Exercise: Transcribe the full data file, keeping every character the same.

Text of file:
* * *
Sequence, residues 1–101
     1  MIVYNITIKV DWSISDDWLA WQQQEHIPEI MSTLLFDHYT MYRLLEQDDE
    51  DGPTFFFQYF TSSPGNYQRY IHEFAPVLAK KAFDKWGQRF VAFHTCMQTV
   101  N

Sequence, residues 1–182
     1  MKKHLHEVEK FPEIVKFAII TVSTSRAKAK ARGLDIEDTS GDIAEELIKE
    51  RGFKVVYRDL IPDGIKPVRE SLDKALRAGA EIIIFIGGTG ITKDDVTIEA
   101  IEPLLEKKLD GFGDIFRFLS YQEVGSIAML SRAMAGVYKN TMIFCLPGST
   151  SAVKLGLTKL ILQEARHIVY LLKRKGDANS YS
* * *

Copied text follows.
Sequence, residues 1–101
     1  MIVYNITIKV DWSISDDWLA WQQQEHIPEI MSTLLFDHYT MYRLLEQDDE
    51  DGPTFFFQYF TSSPGNYQRY IHEFAPVLAK KAFDKWGQRF VAFHTCMQTV
   101  N

Sequence, residues 1–182
     1  MKKHLHEVEK FPEIVKFAII TVSTSRAKAK ARGLDIEDTS GDIAEELIKE
    51  RGFKVVYRDL IPDGIKPVRE SLDKALRAGA EIIIFIGGTG ITKDDVTIEA
   101  IEPLLEKKLD GFGDIFRFLS YQEVGSIAML SRAMAGVYKN TMIFCLPGST
   151  SAVKLGLTKL ILQEARHIVY LLKRKGDANS YS